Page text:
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Start an Emergency Fund or Pay Down Credit Card Debt

Which Should You Do First?

February 2014

This question is familiar to most consumers. It typically occurs each month when the credit card statements arrive. According to TransUnion the average credit card holder owes just over $5000. And credit cards have relatively high interest rates, currently about 13% to 15.4% APR according to Bankrate.com. So it would save money to pay this debt down as fast as possible, right? Wouldn't that be more important than saving a small "rainy day" or emergency fund? Not necessarily. Here’s why.

Why Having an Emergency or "Rainy Day" Fund is Important

Let’s say that like the average consumer you have no emergency savings, not even $500 or $1000. You owe several thousand dollars on your credit cards. Though you have been paying a little extra on credit card debt out of the little disposable income left after paying bills and essentials each pay period, you essentially live paycheck to paycheck. Then your car unexpectedly needs repairs or the dryer dies (and your family requires several laundry loads daily). What happens? You put those repairs or the necessary new appliance on a credit card and your debt load increases.

Congratulations. You have just speeded up the debt merry-go-round. You are right back where you started in your attempt to pay down credit card debt. Having an emergency fund of $1000 would typically cover such surprises without adding new debt. Then you could go on using disposable money to pay down debt and replenish your emergency fund.

Simple Steps to Stopping the Credit Card Debt Cycle

  • Create a small emergency fund to start.
  • Pay off credit card debt.
  • Step up savings to reach larger goals.

Simple Steps to Stopping the Credit Card Debt Cycle

1. Create a Small Emergency Fund to Start

I recommend a goal of $1000. (If you are young, single and rent, $500- $600 might do for starters.) To find more savings for this emergency fund (and later for paying down debt), the smart approach is to look at where your money is going now and create a workable budget. To build your emergency fund consistently, consider having a small monthly amount direct deposited from your paycheck into an Educators savings account.

Some timeless tips from these previous Remar’s Reports can help you save even more.

2. Pay Off Credit Card Debt

Experts differ on the most efficient or effective way to pay off credit card debt. Some recommend that you pay off the smallest balance first so that you get the psychological boost of early success. Others recommend that you work on paying down the account with the highest interest rate because that will save more money in the long run. You judge which approach might work best for you. And remember, for faster results you must pay more than the minimum payment each month.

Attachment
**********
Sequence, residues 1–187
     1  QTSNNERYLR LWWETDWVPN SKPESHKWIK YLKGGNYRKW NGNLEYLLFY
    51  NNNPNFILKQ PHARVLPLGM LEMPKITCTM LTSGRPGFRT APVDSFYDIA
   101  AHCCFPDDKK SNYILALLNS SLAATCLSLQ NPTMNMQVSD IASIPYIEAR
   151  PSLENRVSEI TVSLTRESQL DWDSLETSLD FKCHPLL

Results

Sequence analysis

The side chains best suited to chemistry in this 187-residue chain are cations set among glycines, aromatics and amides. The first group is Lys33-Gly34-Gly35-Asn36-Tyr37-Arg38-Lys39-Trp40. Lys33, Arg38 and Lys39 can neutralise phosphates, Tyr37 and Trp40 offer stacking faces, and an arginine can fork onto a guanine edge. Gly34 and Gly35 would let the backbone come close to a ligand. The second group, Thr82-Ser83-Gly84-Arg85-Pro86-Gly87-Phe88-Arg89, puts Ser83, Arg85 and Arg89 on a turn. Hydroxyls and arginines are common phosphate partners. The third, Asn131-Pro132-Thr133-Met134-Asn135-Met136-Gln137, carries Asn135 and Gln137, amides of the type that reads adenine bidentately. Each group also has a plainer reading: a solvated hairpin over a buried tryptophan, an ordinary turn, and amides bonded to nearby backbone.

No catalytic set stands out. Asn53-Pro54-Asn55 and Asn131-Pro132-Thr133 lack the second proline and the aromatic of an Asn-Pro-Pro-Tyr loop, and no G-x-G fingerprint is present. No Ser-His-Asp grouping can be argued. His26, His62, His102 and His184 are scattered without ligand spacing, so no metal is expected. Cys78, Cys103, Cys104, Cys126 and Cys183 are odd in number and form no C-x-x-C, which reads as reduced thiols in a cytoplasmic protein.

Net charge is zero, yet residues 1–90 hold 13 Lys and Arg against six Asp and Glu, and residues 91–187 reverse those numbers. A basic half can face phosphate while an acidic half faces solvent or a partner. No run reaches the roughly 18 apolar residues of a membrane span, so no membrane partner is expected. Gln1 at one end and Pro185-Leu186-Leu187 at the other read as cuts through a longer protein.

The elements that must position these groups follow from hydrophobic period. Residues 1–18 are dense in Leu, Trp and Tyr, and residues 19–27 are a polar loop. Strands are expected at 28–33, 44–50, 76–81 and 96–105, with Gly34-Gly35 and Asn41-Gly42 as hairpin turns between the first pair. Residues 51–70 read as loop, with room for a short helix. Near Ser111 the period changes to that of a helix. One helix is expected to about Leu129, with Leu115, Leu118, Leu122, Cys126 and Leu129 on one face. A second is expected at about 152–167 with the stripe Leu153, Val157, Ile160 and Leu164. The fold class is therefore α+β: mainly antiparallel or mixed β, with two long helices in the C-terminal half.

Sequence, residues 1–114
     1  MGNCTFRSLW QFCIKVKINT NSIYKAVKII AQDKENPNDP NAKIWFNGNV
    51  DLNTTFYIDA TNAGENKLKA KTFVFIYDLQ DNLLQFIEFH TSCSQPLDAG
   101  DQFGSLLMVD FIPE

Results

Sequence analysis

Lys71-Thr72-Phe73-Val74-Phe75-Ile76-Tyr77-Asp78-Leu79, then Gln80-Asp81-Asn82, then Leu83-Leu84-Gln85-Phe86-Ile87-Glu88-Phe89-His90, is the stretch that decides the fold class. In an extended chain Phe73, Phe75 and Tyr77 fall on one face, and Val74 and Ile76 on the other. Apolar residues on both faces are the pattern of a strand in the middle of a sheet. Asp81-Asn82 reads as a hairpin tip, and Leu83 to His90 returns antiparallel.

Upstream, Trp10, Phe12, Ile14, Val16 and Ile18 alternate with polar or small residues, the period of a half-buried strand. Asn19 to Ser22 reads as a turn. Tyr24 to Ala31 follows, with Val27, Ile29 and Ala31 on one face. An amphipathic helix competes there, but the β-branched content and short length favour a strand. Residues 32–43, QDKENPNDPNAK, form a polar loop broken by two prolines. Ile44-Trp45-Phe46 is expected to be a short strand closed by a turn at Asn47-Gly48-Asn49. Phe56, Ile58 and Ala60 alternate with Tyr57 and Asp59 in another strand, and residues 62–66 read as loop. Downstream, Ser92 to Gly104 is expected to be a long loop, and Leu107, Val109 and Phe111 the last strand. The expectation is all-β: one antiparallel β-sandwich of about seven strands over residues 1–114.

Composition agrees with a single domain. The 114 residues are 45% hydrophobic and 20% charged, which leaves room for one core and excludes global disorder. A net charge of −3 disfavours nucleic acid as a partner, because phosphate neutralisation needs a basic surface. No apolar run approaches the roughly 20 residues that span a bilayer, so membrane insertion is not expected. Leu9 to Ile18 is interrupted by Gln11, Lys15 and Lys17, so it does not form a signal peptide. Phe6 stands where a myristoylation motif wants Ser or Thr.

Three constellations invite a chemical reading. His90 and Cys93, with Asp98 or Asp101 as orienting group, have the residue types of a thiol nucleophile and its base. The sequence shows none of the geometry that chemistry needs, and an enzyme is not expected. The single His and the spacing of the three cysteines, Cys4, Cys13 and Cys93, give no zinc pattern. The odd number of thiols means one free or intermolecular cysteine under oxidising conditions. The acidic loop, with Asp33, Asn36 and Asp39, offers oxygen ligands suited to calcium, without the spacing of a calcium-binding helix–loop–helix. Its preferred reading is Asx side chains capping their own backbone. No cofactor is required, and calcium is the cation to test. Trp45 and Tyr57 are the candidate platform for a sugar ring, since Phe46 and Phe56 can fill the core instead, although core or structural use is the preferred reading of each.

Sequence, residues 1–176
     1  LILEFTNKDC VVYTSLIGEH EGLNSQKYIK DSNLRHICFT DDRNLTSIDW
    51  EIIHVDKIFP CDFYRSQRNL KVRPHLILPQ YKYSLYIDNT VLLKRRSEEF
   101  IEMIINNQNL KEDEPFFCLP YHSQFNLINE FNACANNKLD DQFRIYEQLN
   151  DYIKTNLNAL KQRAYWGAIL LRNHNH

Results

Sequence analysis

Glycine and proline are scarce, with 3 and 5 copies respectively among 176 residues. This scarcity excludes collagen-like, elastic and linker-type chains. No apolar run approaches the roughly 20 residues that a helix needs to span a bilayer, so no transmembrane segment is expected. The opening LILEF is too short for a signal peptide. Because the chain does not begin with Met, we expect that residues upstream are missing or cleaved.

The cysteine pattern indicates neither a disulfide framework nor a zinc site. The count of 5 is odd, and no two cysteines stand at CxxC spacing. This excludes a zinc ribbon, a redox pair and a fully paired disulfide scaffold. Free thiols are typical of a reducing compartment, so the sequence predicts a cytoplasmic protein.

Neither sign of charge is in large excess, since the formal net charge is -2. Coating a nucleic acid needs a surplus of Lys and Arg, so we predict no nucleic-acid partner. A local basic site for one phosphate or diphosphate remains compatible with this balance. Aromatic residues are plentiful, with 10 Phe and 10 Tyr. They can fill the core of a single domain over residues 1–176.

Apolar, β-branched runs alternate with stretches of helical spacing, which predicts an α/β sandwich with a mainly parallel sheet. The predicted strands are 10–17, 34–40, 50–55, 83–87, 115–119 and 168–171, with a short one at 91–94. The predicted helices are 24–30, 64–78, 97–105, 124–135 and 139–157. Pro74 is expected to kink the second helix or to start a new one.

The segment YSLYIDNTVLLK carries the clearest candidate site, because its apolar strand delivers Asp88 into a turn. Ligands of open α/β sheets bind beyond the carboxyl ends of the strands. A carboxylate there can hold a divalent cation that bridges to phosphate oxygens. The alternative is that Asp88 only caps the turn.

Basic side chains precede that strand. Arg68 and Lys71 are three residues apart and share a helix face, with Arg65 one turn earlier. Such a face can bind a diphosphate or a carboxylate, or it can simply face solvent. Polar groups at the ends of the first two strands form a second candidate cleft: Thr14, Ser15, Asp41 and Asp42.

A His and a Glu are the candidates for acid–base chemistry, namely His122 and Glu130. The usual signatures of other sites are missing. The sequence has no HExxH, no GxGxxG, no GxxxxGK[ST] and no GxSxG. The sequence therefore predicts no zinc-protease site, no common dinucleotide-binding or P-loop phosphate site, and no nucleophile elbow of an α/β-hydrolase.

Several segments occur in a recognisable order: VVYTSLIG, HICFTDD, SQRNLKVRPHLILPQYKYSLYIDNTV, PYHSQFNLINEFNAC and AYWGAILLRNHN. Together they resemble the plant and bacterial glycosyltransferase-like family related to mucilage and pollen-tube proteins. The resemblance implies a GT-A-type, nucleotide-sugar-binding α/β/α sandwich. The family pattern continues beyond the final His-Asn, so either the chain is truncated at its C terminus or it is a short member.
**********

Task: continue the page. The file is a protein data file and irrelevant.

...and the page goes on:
Here are some other ideas that may help speed pay down.

  • If you have more than one credit card, consider a consolidation loan at Educators. Installment loans usually have lower interest rates than credit cards. You’ll have just one payment to make, rather than several. Plus installment loan debt typically does not ding your credit score as much as credit card debt.
  • Consider a balance transfer. Moving all or some of the balance on a card with a higher interest rate to one with a lower interest can save money. Your Educators credit card probably has a very competitive low rate.
  • Use the tips above to save more money to use to pay credit card debt. Some of the most effective I’ve found are going to a cash only policy: I use cash, debit card or check to pay all daily expenses and leave the credit cards at home. I also put a weekly spending limit on that cash.

3. Step Up Saving To Reach Larger Goals

When you have paid off all your credit card debt, it’s time to move to larger goals such as building a larger emergency fund, paying off student loan debt, building your retirement savings, or saving a down payment for a mortgage.

  • Most experts recommend that for greatest security, individuals keep an accessible emergency fund of 3 to 9 months living expenses. Such a fund can help you and your family manage expenses and transitions in the case of a major expense or life change such as a major illness or change in employment.
  • If you have significant debt from college loans, you may be able to take steps to manage this debt more easily or to consolidate it. The information in the Remar’s Report Higher Education Loans—Tips to Minimize Debt may be helpful.
  • The earlier you start saving for retirement, the more time your money has to grow. If your employer matches your contributions, most experts recommend that you make at least a minimum contribution even while you build an emergency fund and pay off credit card debt.

The Bottom Line

In this report I’ve been talking about protecting yourself and your family against unexpected expenses and breaking the credit card debt cycle. But taking the bigger picture, I’m talking about managing your money and your buying power wisely. The more you spend what’s in your pocket today for what you want or a moment of pleasure (whether you need it or not), typically the less money and the more debt you’ll have. Conversely, the more you plan and use your money within that plan, the more money you’ll have to finance the good life and your dreams.

For More Information

Educators Savings Accounts

Educators Personal Loans

Educators Credit Cards

Remar’s Report: Strategies for Saving More

Remar’s Report: Tips to Enhance Your Plan to Save More

Remar’s Report: Higher Education Loans—Tips to Minimize Debt